Bridging the gap between what employers want and what employees need
As we emerge from a global health crisis that has lasted longer than any of us could have imagined, the future of the workplace seems increasingly uncertain. On the one hand, most employees know that a return to the way things were before the pandemic is unlikely. But on the other hand, businesses are eagerly waiting for their employees to return to the workplace. In this article, we will look at each side of the argument and present several variations of what the modern workspace will look like.
Returning to the workplace: Two sides of the same story
Although many people used to work from home, this became a reality for most employees only during the pandemic. Mandatory quarantine and social distancing measures may have been inconvenient at first, but they have opened up new opportunities for workers around the world. For the first time, employees could log in from their home computers and perform essentially the same tasks as if they were in the office. No more figuring out what to wear, spending money on commuting, or petty drama over who ate the last yogurt. But aside from the minor day-to-day inconveniences, telecommuting has given employees more time for themselves and allowed them to take control of their work schedule and adjust it to suit their needs.
At the same time, many of the work experiences that traditionally build relationships, strengthen bonds and transfer values between employees have been lost. The shift to telecommuting has particularly affected newer employees who can no longer turn to their colleagues to organically learn the ins and outs of their work environment. The knowledge imparted by interacting with your team or different departments can in some cases be more difficult to transfer through email and web conferencing. Another concern for businesses is the toll that working from home can have on employee well-being. Unchanging routine, isolation and the inability to separate professional and work life can lead to burnout. This in turn affects the productivity and level of efficiency in the organization.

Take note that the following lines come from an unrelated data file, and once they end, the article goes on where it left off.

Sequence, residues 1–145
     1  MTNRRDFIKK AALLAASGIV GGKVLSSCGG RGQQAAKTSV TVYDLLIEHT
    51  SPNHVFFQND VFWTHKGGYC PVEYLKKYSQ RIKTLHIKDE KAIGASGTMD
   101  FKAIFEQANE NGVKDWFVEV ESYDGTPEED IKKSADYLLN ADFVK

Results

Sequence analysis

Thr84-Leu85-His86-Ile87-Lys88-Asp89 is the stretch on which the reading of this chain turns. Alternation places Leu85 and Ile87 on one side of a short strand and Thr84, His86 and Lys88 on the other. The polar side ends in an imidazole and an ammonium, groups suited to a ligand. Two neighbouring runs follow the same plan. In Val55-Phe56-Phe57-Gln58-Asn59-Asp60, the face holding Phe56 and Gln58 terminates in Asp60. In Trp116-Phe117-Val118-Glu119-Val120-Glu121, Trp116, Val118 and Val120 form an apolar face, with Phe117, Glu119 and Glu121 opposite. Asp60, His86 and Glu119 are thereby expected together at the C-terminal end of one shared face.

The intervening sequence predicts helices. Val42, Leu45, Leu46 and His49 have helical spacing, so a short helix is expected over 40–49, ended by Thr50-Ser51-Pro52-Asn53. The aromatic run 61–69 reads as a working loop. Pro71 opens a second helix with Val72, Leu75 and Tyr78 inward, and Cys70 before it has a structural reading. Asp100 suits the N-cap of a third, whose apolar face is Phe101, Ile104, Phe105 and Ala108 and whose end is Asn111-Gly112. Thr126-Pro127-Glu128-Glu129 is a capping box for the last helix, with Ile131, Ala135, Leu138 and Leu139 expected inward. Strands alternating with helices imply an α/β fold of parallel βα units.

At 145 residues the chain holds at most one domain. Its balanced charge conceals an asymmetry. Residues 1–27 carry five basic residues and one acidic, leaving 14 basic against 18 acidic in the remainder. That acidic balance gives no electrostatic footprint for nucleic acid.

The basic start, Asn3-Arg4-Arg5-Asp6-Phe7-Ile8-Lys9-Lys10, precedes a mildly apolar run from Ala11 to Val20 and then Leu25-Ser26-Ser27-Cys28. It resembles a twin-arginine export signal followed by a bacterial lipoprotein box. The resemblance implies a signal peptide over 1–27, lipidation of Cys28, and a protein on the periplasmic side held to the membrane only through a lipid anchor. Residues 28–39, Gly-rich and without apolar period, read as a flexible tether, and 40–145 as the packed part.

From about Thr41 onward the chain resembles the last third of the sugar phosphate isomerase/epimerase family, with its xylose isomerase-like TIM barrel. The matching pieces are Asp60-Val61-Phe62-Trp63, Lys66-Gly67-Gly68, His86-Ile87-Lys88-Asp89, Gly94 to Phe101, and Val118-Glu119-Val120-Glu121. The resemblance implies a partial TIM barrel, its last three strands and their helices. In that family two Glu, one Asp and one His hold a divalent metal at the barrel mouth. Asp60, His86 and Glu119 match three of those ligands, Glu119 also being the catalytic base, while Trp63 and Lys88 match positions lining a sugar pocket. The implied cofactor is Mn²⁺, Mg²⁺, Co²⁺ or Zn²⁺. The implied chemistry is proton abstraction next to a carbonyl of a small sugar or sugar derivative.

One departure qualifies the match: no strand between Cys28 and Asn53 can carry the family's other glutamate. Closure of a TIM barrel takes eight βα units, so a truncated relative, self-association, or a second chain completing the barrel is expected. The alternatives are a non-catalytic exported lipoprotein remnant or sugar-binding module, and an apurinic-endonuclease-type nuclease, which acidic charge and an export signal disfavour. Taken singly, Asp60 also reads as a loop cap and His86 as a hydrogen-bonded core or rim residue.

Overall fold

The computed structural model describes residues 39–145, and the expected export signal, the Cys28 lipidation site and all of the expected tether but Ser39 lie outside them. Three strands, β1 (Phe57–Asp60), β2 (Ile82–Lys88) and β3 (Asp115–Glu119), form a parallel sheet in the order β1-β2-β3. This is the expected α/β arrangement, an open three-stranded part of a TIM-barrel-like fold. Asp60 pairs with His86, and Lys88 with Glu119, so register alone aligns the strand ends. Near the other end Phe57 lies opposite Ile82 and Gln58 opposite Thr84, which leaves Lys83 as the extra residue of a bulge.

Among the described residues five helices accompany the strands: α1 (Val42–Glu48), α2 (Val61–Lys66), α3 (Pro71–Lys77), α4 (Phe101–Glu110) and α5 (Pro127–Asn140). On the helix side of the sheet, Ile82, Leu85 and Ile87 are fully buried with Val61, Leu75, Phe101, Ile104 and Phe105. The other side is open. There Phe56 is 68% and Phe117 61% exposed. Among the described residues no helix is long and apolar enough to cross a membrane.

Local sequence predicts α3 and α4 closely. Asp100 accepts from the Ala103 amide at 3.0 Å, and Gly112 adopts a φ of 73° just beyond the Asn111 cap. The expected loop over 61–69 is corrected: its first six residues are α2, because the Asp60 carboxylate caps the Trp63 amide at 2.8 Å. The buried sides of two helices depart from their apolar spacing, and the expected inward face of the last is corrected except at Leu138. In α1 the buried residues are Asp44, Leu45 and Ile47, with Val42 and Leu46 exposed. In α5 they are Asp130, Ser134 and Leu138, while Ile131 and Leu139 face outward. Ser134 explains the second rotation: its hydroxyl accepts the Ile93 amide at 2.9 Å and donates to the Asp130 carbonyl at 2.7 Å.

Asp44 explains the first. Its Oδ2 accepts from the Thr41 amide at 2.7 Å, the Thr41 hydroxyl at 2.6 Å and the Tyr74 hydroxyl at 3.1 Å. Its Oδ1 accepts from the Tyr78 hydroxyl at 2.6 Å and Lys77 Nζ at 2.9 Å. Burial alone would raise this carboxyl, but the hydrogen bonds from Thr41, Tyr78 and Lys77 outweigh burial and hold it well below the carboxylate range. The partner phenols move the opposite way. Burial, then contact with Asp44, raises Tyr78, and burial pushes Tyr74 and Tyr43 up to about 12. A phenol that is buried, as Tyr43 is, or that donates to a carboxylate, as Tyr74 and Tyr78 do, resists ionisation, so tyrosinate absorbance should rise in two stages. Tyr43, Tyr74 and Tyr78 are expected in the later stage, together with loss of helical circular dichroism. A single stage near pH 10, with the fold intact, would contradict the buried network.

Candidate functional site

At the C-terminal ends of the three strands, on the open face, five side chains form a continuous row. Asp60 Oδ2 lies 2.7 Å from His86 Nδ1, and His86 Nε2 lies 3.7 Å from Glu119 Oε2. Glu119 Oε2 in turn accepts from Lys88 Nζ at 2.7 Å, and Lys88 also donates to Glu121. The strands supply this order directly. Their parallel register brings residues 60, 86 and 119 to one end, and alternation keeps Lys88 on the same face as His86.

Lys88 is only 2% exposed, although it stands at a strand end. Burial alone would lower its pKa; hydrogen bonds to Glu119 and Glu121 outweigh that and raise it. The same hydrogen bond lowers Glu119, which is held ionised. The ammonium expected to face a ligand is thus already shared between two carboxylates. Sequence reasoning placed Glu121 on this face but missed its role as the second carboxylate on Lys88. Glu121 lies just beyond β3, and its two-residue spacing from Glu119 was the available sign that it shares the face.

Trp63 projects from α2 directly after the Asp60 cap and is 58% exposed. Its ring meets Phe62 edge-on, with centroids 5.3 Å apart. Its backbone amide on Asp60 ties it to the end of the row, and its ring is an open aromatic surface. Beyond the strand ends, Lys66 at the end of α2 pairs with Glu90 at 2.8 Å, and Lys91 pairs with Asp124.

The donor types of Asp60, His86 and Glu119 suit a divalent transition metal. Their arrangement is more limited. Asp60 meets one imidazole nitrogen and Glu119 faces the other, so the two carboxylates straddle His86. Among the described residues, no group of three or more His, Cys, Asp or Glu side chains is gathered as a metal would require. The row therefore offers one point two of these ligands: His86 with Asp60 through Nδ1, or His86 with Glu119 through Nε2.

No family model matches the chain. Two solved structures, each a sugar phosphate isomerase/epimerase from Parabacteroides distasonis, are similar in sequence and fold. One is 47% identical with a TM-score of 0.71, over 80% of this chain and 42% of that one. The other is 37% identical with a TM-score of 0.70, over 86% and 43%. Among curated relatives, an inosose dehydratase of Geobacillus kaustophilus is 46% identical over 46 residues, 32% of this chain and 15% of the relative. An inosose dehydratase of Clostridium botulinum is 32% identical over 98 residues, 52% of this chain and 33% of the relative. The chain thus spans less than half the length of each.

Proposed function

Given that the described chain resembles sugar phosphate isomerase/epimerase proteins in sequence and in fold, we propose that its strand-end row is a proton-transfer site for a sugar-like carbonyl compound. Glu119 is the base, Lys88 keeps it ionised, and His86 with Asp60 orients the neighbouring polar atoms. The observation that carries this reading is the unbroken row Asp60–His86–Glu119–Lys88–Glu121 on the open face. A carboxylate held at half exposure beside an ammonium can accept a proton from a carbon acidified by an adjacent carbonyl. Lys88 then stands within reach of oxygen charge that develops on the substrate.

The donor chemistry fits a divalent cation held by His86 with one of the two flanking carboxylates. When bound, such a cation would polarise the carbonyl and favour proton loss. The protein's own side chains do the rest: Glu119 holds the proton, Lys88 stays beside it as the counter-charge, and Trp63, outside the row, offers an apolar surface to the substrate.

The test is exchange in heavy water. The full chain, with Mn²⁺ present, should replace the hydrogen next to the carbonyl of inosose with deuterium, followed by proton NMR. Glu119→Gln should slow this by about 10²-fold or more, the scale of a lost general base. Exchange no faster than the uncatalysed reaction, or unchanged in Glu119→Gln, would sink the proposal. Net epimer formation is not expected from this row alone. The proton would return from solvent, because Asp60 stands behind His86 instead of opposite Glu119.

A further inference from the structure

4 variants of a modern workplace
Although it may seem difficult, there is a way to bridge the gap between the different needs and expectations of employees and their employers. Below we describe 4 variants of the work model that you can choose from when your employees return to the workplace. Each model can be implemented for your entire workforce or for specific departments depending on your organizational and operational needs.
1. Traditional 9-5
This refers to going back to the way things were. Employees come into the office five days a week for their usual eight-hour shifts. Sure, the office may look a little different (separate desks, hand sanitizer dispensers in every room, more hygienic), but the essence remains the same. The only change that some companies decide to add is that one or two days a week employees can choose to work from home. This model is mostly chosen by organizations that believe they may not be able to provide the same quality of service with remote staff.
2. Activity-based work
This is an advanced version of a traditional office. Employees work on site, but the office is designed to support a variety of activities. Specifically, instead of spending all day at their desks, employees move from room to room depending on the task they want to complete. There are meeting rooms for video conferencing, lounges for joint activities or secluded rooms for those who appreciate working in a quiet environment. This model increases engagement and productivity by giving employees the autonomy and flexibility to choose their ideal workspace while keeping them close to their colleagues.
3. Hybrid model
The hybrid workplace combines on-site and remote work to create the perfect mix that will keep employees and employers happy. This is because it still provides flexibility to employees while allowing businesses to maintain a work culture and knowledge exchange that comes from face-to-face collaboration and interaction. There are several variations of the hybrid model that you could implement in your organization, depending on your needs and goals. For example, you can let employees choose when they want to come in, set a fixed schedule for certain teams, or implement a mostly remote model with an occasional office visit.
4. Fully remote
We are finally waiting for a “virtual” return to the workplace. If your employees have proven they can be just as productive working remotely – if not more so – then this option may be a given. Why make them return to early morning hours, traffic jams and poorly designed offices when they can do everything you need from the comfort of their own home? In addition, this assumption also minimizes or eliminates past expenses for renting and maintaining large office spaces. To make this model as effective as possible, invest in robust communication systems and adequate training to ensure collaboration remains seamless.
Ready for a comeback?
It may have happened in an unexpected way, but the future is here. Clinging to the habits of the past can hold your organization back and drive your talent away to more progressive companies. If you want to keep up with the times, you need to treat your current and future employees with a more compassionate and human-centered approach. Listen to their concerns and needs to determine which of the above models will make their return to the workplace as smooth and enjoyable as possible.
Download The Future Of Work Report 2022: Cultural trends and what employees want to explore, what employees really value and how they feel about the modern workplace.